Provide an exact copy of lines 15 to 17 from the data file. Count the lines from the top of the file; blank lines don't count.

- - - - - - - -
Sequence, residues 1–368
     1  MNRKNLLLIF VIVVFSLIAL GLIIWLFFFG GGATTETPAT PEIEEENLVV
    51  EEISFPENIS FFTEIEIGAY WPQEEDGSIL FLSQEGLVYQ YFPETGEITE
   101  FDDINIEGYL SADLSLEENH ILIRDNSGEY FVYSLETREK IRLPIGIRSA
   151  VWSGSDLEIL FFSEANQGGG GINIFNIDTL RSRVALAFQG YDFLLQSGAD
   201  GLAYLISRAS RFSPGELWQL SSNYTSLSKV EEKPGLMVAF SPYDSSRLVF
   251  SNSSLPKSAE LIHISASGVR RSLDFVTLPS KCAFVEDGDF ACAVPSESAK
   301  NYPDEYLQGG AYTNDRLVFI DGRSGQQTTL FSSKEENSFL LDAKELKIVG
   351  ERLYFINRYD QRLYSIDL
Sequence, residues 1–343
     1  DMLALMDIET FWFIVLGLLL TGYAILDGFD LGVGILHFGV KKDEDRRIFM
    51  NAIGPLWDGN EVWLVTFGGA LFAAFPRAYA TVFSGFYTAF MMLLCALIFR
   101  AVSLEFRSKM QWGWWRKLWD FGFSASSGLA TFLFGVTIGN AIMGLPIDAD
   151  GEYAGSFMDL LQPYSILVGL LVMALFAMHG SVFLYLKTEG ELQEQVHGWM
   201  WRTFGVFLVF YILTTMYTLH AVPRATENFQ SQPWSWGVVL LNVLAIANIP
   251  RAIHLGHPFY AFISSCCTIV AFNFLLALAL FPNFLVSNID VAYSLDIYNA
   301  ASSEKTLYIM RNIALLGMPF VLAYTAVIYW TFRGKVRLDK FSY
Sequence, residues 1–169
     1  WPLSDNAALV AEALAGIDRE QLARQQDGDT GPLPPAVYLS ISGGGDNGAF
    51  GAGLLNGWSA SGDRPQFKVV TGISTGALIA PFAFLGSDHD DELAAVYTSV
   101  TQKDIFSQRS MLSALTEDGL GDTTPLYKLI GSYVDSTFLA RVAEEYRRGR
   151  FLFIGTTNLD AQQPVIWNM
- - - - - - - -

   201  WRTFGVFLVF YILTTMYTLH AVPRATENFQ SQPWSWGVVL LNVLAIANIP
   251  RAIHLGHPFY AFISSCCTIV AFNFLLALAL FPNFLVSNID VAYSLDIYNA
   301  ASSEKTLYIM RNIALLGMPF VLAYTAVIYW TFRGKVRLDK FSY